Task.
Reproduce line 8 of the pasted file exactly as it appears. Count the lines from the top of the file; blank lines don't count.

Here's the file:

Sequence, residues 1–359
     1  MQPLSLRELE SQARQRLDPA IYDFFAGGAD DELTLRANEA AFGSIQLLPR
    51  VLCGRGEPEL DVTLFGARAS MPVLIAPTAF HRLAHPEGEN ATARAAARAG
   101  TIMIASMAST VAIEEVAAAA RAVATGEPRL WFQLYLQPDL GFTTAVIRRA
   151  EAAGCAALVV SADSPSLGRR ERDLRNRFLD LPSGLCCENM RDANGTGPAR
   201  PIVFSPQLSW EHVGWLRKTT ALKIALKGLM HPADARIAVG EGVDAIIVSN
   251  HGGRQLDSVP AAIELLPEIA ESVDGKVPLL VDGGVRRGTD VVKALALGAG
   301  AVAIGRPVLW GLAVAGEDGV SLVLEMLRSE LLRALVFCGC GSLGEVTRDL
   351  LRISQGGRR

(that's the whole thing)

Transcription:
   301  AVAIGRPVLW GLAVAGEDGV SLVLEMLRSE LLRALVFCGC GSLGEVTRDL